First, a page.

Charles Cook, MD
Associate Professor of Surgery, Harvard Medical School
Chief of Acute Care Surgery, Trauma, and Surgical Critical Care, BIDMC
Thomas Marandu, PhD
Most people are infected with multiple herpes family viruses. Unlike many viral infections, these viruses are not eradicated from the host, but become dormant in the host’s tissues for their lifetime. During periods of immune compromise or stress, these viruses can reactivate. It is understood that herpes family viral reactivation is pathologic in immunocompromised people, such as transplant recipients or AIDS patients. My laboratory has been focused on defining the impact that these persistent viral infections have on immune competent hosts.
During the past 20 years, we and others have confirmed that these viruses can reactivate during critical illness. Of the family, cytomegalovirus (CMV) reactivation has been associated with worsened outcomes. My laboratory spent our early years of funding defining mechanisms by which CMV reactivation might be triggered using murine models to test our hypotheses. This transitioned to understanding the consequences of such reactivations; specifically how CMV reactivation might harm an immune competent host.
We identified the lungs as a potential target for CMV reactivation, and showed that reactivation is associated with lung injury during bacterial sepsis, something that we named CMV-ALI (cytomegalovirus associated acute lung injury). Clinical outcomes support this hypothesis, with roughly doubled durations of mechanical ventilation required for patients with CMV reactivation. Perhaps most importantly, our work showed that such reactivation events (and their attendant lung injury) can be prevented by antiviral prophylaxis. These results have been foundational to several clinical trials (two completed, one ongoing) that are beginning to corroborate these experimental observations.
Our current focus is to try to understand the mechanism of CMV-ALI. CMV infection/latency makes a lasting imprint in the immunity of its host, leaving CMV-latent hosts with exaggerated immune potential in their lungs. This means that when they encounter bacterial infections (like pneumonia or sepsis) they are more prone to inflammation and lung injury. We are currently evaluating different immune cell populations to understand their individual contributions to CMV-ALI. Our most recent work, done in collaboration with Drs. Carl Hauser, Michael Yaffe, Leo Otterbein, and the HALO group at BIDMC, suggests that neutrophils may play a pivotal role in these exaggerated immune responses.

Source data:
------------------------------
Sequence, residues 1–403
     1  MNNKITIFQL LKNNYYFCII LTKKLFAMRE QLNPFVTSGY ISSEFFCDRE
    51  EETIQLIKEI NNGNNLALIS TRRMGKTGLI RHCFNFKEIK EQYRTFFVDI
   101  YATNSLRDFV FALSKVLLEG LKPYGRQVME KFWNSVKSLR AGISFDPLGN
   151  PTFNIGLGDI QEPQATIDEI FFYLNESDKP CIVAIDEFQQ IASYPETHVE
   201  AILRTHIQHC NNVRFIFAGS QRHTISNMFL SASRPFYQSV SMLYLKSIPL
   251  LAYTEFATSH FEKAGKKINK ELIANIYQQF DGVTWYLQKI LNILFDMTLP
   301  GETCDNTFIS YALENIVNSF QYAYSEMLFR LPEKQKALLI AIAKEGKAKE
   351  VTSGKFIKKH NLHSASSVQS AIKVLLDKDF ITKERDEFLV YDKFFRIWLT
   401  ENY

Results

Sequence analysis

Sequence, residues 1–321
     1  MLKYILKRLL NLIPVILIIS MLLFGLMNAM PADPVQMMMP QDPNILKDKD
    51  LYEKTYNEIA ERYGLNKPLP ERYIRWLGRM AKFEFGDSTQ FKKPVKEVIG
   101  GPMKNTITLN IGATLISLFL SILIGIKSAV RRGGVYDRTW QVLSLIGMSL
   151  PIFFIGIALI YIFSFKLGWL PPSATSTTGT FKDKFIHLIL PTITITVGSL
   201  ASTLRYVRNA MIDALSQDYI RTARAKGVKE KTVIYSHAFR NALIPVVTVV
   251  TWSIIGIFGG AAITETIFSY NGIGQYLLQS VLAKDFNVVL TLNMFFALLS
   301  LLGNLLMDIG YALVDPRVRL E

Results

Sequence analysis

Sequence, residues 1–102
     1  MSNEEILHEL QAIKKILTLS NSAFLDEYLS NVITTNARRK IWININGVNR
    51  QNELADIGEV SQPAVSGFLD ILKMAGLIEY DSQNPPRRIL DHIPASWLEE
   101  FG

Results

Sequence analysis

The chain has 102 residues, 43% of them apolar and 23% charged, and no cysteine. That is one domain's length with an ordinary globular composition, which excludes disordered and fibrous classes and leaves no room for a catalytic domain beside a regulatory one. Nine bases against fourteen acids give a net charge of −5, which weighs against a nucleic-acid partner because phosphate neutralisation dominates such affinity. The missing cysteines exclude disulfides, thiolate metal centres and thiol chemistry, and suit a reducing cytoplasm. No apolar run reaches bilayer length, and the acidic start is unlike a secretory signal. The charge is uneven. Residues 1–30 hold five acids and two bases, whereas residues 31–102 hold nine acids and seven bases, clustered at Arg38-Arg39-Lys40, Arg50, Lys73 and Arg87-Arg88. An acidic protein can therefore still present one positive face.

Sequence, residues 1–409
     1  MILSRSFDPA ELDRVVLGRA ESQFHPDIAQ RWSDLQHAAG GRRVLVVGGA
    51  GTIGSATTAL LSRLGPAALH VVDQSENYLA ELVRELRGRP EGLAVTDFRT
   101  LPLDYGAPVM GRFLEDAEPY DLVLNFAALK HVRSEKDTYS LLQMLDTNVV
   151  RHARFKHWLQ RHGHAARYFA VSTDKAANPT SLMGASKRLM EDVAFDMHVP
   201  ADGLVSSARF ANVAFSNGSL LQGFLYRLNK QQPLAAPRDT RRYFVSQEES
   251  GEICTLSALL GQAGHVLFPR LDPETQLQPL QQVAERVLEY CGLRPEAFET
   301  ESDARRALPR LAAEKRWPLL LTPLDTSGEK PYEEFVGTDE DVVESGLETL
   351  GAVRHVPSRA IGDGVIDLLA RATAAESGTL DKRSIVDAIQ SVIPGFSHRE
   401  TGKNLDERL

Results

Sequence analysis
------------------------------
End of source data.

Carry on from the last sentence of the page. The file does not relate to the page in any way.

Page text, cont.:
Because we have a robust understanding of CMV biology, and have an animal model, we have been fortunate to develop numerous collaborations with colleagues in overlapping fields. We are currently supported for work with Dr. Antonio Chiocca’s group at Brigham and Women’s Hospital, studying the interactions between CMV and glioblastoma. Our current results have confirmed a contributory role of CMV to progression of this deadly brain tumor. More importantly, we are defining mechanistic pathways that should lead to novel therapies. We have also begun early collaborations with Dr. Richard Cummings at BIDMC to understand how CMV infection impacts cellular protein glycosylation.
Named Chair of Strategic Planning Committee for Surgical Infection Society
- Cost and Consequences of Surgical Infections; 36th Annual Meeting Surgical Infection Society, May 18, 2016
- Impact of Latent Herpesviruses on Host Immunity; 14th Annual Advances in Inflammation Research, Alpert Medical School of Brown University, Providence RI, October 6, 2016
- Catheter associated blood stream infections: The quest for zero; American College of Surgeons Clinical Congress, San Diego CA, October 24, 2017
- Geriatric Injuries: Are rib fractures lethal in the elderly? Harvard Medical School Trauma and Critical Care Symposium, Boston, MA, November 21, 2017
- Surgical Infections: We need to start thinking differently; Department of Surgery Grand Rounds, VA Medical Center, Boston, MA, December 15, 2017
- Boston Surgical Society
- New England Surgical Society
Teaching, Training, and Education
Marion Griessl and Michael Gutknecht successfully completed their post-doctoral training in my laboratory in 2016 and 2017 and have returned to Germany. Thomas Marandu joined my laboratory from Tanzania to begin his postdoctoral studies in 2017.
Selected Research Support
NIH RO1 CA195532, Investigating the cytomegalovirus link to glioblastoma using a novel mouse model; NIH, 2015-2020; Co-Investigator (10% effort)
Mansfield S, Dwivedi V, Byrd S, Trgovcich T, Griessl M, Gutknecht M, Cook CH. Broncholaveolar lavage to detect cytomegalovirus infection, latency, and reactivation in immune competent hosts. J Med Virol 2016;88(8):1408-16.
Trgovcich T, Kincaid M, Thomas A, Griessl M, Zimmerman PD, Dwivedi V, Bergdall V, Klenerman P, Cook CH. Cytomegalovirus reinfections stimulate CD8 T-memory inflation. PLOS One 2016;11(11):e0167097
Griessl M, Gutknecht M, Cook CH. Determination of suitable reference genes for RT-qPCR analysis of murine Cytomegalovirus in vivo and in vitro. J Virol Methods 2017;248:100-106.
Celestin AT, Odom SR, Angelidou K, Evans S, Coimbra R, Guidry CA, Cuschieri J, Banton KL, O'Neill PJ, Askari R, Namias N, Duane T, Dellinger EP, Sawyer R, Cook CH. Novel method suggests global superiority of short duration antibiotics for intra-abdominal infections. Clin Infect Dis 2017;65(9):1577-1579.